For years now, the Irish pension industry has been actively encouraging Government to take firm action against the ‘low levels’ at which Irish people have been saving for retirement. The ESRI is also a regular contributor to the debate.
By many calculations, roughly half of the population have no pension investments other than what they expect to receive from their contributory pension entitlements; this is about to change.
Government has now earmarked 2022 as the year where it plans to introduce ‘auto enrollment’. For those not familiar with the term, this is where a deduction is automatically taken from gross wages and invested on behalf of workers. The concept is simple; people need to be protected from themselves and their lack of pension planning so Government will do the auto-enrollment and investing for them.
The logic to auto-enrollment, according to behavioral economists suggests that once enrolled, workers are highly unlikely to take action to exit ‘auto enrollment’ in significant numbers. In other words, people are simply too lazy and won’t be bothered walking over to their HR or payroll department to fill out a form instructing HT / payroll stop auto-enrollment.
While the intention of Government is good, it has an enormous duty to citizens to ensure it trims the full cost of managing such money along with the various investment strategies employed by investment managers.
In his 2018 letter to investors, Warren Buffet lauded ‘The Bet’ which he won hands down. That bet of course was the 2007 wager that a virtually cost-free investment in an unmanaged S&P 500 index fund would over time, deliver better results than most investment professionals.
What Mr. Buffett was saying is the cost of investing money can be so high that any potential returns can be destroyed to a point where the investor gains very little in the long term, other than perhaps the original tax benefit provided by Government.
Here in Ireland, there has been a long history of investment fees that are opaque and completely out of kilter with modern fees arrangements. Too many pension investment fees have resulted in way too many mediocre returns. Additionally, the level of opacity on how fees are charged means that only seasoned actuaries really understand the true cost of management to the individual investor.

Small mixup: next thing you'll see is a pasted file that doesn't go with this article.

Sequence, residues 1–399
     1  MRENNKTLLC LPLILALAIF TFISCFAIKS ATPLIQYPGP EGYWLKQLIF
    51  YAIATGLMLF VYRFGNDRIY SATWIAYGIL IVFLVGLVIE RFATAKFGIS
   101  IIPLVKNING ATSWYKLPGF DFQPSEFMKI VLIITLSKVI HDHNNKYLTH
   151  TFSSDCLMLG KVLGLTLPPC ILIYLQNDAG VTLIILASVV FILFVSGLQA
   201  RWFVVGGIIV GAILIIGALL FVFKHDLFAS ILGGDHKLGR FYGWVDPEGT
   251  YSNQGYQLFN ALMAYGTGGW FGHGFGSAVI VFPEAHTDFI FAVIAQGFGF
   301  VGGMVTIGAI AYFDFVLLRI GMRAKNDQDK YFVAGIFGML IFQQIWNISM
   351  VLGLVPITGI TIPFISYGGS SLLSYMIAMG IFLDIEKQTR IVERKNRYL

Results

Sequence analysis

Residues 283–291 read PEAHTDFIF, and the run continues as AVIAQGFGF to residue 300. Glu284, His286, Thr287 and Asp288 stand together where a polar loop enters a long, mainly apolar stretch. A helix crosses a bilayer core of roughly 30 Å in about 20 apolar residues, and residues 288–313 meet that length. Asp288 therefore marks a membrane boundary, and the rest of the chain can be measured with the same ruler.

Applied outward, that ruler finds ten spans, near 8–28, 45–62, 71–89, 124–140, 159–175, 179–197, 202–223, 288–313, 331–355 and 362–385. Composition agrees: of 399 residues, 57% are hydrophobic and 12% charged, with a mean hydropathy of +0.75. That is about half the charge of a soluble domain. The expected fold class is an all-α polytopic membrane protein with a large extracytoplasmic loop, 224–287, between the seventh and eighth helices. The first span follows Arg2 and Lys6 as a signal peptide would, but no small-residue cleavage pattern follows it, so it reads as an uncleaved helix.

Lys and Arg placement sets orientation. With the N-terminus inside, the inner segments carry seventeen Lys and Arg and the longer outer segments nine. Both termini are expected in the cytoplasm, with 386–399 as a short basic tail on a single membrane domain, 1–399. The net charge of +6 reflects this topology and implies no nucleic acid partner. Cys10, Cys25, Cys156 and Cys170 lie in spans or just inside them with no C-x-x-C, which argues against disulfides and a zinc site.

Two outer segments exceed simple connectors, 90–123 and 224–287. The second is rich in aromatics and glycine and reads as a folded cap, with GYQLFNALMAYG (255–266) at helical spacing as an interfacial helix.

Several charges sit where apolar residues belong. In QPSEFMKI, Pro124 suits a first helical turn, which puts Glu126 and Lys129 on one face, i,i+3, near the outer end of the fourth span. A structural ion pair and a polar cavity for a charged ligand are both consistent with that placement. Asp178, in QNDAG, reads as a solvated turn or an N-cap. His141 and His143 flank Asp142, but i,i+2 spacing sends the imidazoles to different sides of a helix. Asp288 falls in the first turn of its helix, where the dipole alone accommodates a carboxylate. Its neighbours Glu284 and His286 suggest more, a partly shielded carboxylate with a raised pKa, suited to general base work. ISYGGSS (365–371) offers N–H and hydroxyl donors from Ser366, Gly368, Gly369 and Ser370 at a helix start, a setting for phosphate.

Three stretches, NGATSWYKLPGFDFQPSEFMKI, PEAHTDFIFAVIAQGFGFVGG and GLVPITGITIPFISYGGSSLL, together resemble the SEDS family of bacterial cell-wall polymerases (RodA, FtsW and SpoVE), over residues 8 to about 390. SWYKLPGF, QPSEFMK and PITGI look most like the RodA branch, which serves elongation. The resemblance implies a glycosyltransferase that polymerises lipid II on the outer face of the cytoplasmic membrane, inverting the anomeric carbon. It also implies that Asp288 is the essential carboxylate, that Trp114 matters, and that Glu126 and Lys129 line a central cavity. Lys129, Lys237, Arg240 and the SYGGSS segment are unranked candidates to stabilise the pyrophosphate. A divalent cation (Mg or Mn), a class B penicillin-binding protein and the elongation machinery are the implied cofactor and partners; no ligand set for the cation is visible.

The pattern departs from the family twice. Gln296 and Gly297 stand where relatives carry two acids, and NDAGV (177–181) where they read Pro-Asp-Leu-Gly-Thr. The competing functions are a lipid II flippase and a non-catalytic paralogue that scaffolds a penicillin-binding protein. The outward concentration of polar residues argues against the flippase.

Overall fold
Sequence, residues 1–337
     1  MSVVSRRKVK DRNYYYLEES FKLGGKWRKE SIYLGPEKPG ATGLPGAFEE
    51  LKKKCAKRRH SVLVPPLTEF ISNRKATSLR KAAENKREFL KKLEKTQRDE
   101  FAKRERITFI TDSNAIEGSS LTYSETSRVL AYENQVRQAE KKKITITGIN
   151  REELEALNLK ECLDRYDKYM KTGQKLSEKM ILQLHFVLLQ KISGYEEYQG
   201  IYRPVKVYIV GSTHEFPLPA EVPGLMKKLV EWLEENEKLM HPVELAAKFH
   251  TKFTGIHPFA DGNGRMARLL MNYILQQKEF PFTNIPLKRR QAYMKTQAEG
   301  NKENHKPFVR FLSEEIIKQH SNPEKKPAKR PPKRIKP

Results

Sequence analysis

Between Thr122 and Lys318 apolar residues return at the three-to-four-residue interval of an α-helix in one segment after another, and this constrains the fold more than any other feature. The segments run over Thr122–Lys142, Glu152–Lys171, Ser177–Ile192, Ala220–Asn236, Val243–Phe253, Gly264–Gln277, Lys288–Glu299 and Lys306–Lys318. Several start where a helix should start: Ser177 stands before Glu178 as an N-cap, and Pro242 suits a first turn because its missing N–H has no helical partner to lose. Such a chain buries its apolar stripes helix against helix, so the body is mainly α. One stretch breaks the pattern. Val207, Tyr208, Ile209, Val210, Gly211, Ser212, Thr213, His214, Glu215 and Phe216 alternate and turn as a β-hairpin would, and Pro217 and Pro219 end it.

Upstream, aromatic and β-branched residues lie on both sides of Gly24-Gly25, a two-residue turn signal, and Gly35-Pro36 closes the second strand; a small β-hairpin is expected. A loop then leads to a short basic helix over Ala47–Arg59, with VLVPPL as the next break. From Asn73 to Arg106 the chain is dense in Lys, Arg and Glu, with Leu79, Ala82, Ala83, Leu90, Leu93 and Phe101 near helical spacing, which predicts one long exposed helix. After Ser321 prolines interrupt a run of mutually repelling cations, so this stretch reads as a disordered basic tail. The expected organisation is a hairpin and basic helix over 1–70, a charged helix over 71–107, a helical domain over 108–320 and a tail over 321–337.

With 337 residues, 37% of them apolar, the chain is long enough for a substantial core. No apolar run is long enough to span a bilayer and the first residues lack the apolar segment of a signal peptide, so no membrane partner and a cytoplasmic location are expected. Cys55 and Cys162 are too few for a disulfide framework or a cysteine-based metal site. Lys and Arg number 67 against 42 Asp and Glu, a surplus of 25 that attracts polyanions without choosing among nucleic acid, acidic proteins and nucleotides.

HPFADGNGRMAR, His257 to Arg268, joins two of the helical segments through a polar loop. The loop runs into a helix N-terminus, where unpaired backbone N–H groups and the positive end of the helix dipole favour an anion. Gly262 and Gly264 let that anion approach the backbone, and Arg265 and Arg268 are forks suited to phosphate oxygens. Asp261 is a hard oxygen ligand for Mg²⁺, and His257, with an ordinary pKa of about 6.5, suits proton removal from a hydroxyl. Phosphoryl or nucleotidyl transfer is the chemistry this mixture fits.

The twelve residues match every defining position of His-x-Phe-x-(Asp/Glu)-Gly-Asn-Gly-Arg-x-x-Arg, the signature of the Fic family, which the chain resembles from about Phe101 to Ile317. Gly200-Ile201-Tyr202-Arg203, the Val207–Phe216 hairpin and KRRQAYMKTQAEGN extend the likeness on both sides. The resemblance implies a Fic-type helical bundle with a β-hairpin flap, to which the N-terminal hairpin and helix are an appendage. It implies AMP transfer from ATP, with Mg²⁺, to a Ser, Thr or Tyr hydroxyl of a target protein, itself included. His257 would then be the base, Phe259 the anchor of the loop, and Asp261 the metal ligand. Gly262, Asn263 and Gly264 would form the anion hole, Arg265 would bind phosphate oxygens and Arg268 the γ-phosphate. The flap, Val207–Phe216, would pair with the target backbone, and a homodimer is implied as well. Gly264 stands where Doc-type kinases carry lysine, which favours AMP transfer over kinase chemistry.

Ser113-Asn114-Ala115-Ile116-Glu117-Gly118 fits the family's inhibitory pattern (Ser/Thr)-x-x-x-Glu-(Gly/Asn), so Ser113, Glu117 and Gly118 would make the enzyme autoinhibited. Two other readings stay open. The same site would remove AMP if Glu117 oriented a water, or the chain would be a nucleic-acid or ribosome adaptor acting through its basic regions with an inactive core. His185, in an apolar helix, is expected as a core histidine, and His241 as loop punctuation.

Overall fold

This high-fee culture is a legacy of the Defined Pension era. Defined Pensions are also known as final salary pensions. Regardless of their name, this was an era where few people were really concerned with the cost charged by investment managers to manage pension funds. This was because funds were simply replenished by those that funded them, be it Aer Lingus, RTE, the Irish Independent or even, the State. As long as employees retired on two-thirds of final salary and the money flowed, nobody really asked too many questions about the nitty-gritty of day-to-day management; nobody really cared!
But as more and more people live longer swelling the ranks of the retired, Defined Benefit pension arrangement were exposed. Many ceased being offered to new employees, many converted to Defined Contribution arrangements, handing lump sums and investment headaches to confused employees. Some schemes simply went bust!
I find it so sad when I talk with confused individuals that work hard and are suddenly presented with having to make highly complex investment decisions that will have massive life consequences in their post-employment years. This is typically what happens when a DB pension scheme converts to a DC and the investment risk is transferred from the employer to the employee.
But what is most concerning of all are the poor choices many Irish people face when it comes to their pension investment options. Without the faintest hint, many are often presented with sub-standard investments choices carrying inflated management and investment fees; these destroy investment wealth.
Here in Ireland, while the official 5 & 1 arrangement is often the fee structure presented to those doing the right thing by setting up PRSA or AVC or participating in an Occupational Pension Scheme through their employer, this is not the full picture. The 5 & 1 refers to the allocation rate; maximum allowable is 5% of the invested amount and 1% Annual Management Charge.
But how investments are managed will impact workers enormously. For example, if the investment is made in some bog-standard series of low yield funds without annual rebalancing, then growth is sure to be anaemic and the only real growth will come from the tax-benefits given by Government and the individuals own contributions. This by definition is not investing, it is saving and the value of any potential investment yield is lost to the fees charged by the manager. In other words, it just becomes a zero-sum game purely for the benefit of the manager, not the investor. In a nutshell, this is the reality for many Irish people investing in various pension plans at present.
This is precisely what Government needs to avoid if it is committed to convincing more workers that it really has their long-term financial well-being at heart. It cannot explore the simple 5 & 1 figures. Instead, it should force a radical new approach to investing here in Ireland, one that goes much deeper, one that looks at a head-to-tail trail of fees that have plagued pension trustees for decades and one reason why low-cost leaders including Dimensional and Vanguard have captured such a significant percentage of market share in recent years; their low-fees, high growth strategies create more wealth for families and workers.
Frank Conway is a Qualified Financial Adviser and founder of MoneyWhizz.org, the financial literacy initiative.